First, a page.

Please consider donating to Behind the Black, by giving either a one-time contribution or a regular subscription, as outlined in the tip jar to the right. Your support will allow me to continue covering science and culture as I have for the past twenty years, independent and free from any outside influence.
The competition heats up: China’s Kuaizhou solid rocket, upgraded from a military mobile-launched ballistic missile, today placed its first three commercial satellites in orbit.
The rocket is designed to quickly launch smallsats into orbit for a reasonably low cost, and is built and marketed by China’s second commercial launch company, Expace.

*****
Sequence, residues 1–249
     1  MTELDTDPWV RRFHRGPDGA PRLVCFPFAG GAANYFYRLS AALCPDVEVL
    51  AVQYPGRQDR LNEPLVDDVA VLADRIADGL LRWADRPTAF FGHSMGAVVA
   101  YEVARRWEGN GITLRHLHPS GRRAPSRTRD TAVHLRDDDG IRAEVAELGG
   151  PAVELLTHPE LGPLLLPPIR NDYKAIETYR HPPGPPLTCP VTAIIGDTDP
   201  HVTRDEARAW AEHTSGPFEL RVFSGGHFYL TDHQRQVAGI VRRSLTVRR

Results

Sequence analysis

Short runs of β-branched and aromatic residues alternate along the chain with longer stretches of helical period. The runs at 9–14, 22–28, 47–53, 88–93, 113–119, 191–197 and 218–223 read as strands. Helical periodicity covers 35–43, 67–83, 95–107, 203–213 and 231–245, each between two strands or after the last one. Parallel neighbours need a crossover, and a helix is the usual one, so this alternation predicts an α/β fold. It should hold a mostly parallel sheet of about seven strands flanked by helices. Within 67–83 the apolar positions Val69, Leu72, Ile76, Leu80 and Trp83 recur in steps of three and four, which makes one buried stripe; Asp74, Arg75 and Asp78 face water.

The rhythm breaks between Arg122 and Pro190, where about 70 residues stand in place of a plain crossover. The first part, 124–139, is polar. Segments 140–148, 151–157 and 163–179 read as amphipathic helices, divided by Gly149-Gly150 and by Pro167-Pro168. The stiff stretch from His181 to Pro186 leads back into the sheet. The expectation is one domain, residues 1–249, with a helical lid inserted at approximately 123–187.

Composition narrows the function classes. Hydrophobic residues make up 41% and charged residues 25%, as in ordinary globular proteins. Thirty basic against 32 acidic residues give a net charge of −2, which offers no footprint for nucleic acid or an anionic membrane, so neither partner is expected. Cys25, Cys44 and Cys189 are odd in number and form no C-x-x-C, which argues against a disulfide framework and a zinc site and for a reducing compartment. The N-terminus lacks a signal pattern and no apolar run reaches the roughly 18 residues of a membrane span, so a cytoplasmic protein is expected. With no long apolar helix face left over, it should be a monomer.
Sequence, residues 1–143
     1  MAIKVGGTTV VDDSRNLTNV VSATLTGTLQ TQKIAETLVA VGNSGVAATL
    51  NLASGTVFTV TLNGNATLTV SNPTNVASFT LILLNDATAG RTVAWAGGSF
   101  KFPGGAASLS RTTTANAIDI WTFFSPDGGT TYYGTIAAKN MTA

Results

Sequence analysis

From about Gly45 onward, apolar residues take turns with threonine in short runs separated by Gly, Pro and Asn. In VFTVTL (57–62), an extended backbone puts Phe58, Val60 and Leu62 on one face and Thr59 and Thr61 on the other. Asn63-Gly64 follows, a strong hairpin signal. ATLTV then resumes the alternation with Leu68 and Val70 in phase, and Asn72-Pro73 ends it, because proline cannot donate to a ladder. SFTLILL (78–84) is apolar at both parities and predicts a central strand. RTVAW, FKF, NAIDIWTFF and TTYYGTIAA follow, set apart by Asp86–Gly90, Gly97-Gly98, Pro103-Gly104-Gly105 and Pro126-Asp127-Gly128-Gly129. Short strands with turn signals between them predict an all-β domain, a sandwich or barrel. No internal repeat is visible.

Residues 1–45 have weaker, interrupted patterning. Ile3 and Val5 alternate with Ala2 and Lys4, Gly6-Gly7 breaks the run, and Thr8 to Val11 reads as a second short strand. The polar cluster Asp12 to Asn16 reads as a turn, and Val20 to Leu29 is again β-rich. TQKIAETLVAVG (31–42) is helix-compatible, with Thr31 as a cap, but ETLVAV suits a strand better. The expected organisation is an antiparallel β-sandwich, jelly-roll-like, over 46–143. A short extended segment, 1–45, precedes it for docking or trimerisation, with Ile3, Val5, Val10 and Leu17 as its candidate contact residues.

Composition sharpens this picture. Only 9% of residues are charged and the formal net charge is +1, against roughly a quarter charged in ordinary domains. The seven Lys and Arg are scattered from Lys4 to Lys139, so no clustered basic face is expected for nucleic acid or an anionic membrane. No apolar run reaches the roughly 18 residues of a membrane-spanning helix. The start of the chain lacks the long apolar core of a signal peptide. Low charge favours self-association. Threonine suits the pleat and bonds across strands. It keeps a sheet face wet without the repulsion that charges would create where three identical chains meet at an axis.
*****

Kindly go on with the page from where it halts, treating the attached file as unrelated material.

In the China Daily report, he added that Expace is in talks with satellite manufacturers in Asia, Europe and Latin America, and has bid for contracts to launch their spacecraft. Guo Yong, president of the CASIC Fourth Academy, told China Daily that the organization intends to capture 20 percent of the global small satellite launch market by 2020. The Kuaizhou 1A rocket can deliver satellites of up to 300 kilograms — about 660 pounds — into low-altitude orbits, according to China Daily.
Expace is China’s second commercial launch services provider after China Great Wall Industry Corp., which sells Long March rocket missions, with an emphasis on launches of large communications satellites heading for geostationary orbit.